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RENÉ CHARTRAND, ILLUSTRATED BY RON VOLSTAD
The enlistment of tens of thousands of volunteers brought a new spirit and a call for more Canadian identity on the uniform, as in the other services. Yellow-on-dark blue 'Canada' shoulder tides were added in 1941, although at first somewhat resented by old-timers. Again following an unofficial RN fashion, by 1942 some ratings were seen with ribbons bearing e.g. 'H.M.C. DESTROYERS' or 'H.M.C. MINESWEEPERS', etc; this practice was immediately forbidden, and an order of 15 May 1942 confirmed the 'H.M.C.S.' tally as the only pattern allowed.
There were occasional variations in the uniform. From September 1939, the seamen's white jumpers and trousers traditionally made of British duck flax material were made of cotton, a material available in quantity in Canada. In February 1941, gold silk lace was authorised for officers' rank rings because of the scarcity of metallic gold lace.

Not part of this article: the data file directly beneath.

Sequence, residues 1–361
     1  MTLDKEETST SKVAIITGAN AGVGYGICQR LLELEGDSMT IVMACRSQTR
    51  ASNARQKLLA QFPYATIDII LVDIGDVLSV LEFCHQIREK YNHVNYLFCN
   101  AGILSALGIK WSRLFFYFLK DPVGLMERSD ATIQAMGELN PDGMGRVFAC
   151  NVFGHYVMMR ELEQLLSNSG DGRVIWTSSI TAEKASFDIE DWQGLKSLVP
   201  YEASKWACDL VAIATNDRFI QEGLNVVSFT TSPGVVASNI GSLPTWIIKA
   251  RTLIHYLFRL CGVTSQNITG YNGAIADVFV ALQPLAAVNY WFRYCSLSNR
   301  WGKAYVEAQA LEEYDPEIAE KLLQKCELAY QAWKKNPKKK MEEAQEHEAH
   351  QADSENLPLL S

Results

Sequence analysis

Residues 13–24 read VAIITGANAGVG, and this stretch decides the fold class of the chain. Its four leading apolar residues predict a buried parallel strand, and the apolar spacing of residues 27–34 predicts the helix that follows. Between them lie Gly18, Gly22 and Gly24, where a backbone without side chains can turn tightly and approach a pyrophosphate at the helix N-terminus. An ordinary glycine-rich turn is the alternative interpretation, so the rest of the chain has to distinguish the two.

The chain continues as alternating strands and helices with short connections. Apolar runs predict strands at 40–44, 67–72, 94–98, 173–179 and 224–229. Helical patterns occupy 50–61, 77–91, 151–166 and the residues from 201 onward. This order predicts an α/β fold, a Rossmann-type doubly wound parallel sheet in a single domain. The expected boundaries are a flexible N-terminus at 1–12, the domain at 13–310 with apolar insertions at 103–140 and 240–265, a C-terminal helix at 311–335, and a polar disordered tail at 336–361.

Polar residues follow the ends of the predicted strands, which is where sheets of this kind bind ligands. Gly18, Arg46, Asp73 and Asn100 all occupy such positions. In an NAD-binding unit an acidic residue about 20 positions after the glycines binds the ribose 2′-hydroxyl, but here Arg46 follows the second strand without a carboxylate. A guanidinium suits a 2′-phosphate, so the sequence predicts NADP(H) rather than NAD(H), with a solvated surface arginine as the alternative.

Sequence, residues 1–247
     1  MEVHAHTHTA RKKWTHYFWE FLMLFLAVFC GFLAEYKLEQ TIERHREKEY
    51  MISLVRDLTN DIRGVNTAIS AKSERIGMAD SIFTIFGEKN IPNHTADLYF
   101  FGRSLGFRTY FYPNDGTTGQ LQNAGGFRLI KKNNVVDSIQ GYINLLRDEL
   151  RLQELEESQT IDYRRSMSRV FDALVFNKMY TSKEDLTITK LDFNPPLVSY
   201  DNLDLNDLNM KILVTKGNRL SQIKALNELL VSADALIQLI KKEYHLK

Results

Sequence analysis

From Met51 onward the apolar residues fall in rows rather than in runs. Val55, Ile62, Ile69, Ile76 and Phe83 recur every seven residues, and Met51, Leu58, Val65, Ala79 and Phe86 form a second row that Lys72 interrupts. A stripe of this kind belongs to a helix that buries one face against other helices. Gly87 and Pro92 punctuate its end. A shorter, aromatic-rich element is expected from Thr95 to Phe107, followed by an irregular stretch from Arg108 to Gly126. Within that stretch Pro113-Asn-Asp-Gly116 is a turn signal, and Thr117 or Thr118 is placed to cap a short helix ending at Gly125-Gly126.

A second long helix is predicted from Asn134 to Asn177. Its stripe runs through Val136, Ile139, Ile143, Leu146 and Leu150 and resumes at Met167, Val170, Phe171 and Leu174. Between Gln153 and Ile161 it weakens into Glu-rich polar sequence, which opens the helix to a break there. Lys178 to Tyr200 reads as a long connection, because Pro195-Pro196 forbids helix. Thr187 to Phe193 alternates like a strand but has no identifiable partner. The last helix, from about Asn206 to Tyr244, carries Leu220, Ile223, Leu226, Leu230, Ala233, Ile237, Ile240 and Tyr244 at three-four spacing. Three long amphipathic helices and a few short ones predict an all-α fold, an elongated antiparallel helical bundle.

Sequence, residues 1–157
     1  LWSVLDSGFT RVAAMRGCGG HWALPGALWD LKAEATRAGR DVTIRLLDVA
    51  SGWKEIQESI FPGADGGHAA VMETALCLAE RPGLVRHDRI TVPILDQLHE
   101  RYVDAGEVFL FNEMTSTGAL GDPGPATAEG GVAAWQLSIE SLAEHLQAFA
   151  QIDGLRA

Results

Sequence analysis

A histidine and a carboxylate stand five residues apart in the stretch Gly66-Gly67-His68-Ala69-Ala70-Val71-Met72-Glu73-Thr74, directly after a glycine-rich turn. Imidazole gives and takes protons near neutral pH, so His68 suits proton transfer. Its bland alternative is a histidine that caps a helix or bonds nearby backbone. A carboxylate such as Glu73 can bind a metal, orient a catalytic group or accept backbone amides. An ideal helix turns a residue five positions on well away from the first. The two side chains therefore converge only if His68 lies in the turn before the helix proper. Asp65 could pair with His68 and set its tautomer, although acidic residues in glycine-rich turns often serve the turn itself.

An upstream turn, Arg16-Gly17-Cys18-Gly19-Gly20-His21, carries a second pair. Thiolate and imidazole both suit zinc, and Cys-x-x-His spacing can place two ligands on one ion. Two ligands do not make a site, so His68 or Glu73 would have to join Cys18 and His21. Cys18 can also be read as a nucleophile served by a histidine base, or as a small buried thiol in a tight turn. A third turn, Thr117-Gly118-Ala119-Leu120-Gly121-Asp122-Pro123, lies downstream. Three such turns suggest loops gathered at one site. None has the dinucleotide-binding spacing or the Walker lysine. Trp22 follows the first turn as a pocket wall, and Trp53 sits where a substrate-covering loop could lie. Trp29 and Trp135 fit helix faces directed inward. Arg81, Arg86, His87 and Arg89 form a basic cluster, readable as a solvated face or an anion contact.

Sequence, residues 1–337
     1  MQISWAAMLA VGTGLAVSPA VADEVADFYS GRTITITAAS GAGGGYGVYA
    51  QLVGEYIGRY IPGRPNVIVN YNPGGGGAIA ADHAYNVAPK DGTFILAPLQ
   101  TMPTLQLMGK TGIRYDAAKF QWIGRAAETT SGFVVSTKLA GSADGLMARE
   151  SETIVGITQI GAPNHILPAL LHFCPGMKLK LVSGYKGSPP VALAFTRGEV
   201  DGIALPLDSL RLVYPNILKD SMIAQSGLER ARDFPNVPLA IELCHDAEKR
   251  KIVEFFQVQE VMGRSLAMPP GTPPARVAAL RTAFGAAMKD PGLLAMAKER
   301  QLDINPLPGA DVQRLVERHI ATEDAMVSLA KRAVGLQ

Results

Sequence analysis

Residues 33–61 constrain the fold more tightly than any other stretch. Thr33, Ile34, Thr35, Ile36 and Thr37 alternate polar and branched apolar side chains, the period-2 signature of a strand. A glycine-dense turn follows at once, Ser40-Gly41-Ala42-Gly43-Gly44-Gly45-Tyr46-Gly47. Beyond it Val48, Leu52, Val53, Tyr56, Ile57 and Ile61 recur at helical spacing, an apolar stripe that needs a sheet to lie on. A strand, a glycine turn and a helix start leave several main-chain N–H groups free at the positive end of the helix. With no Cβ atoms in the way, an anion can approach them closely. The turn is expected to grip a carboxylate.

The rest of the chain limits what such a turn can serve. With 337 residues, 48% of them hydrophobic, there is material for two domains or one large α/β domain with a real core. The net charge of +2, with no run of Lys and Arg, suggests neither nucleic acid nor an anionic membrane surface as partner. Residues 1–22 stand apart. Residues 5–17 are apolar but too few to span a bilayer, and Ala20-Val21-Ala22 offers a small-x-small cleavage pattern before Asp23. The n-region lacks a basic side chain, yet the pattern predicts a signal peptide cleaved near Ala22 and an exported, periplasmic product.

For all, hair was cut short and moustaches not allowed, but 'permission to discontinue shaving' was occasional)' granted to crew members by captains - as long as the resulting 'full set' of beard and moustache was suitably virile and neatly trimmed.
Officers belonging to the RCNVR had the same dress as the RCN but, according to regulations, 'instead of each distinctive stripe of gold lace round the sleeves of the coat there is a waved line of three-eighths inch gold lace. (The half stripe, however, is a straight line of one-eighth inch gold lace.)'. As in the British service, this special rank lace earned the RCNVR the nickname of 'Wavy Navy'. The coloured edges of nonexecutive officers followed the curves of the lace. In February 1941, only the curl on the sleeve, the same size as on shoulder straps, was allowed due to the scarcity of lace at that time. RCNVR Midshipmen had maroon collar tabs and twist cord instead of white. Ratings wore identical uniforms to the RCN, initially with 'R.C.N.V.R.' cap ribbons from 1938, but later the 'H.M.C.S.' ribbon was worn. Royal Canadian Fleet Reserve officers had their rank lace narrow and intertwined. The ratings wore identical uniforms to the RCN, with 4Royal Canadian Fleet Reserve' cap ribbons from 1 April 1939 but later with the 'H.M.C.S' ribbon.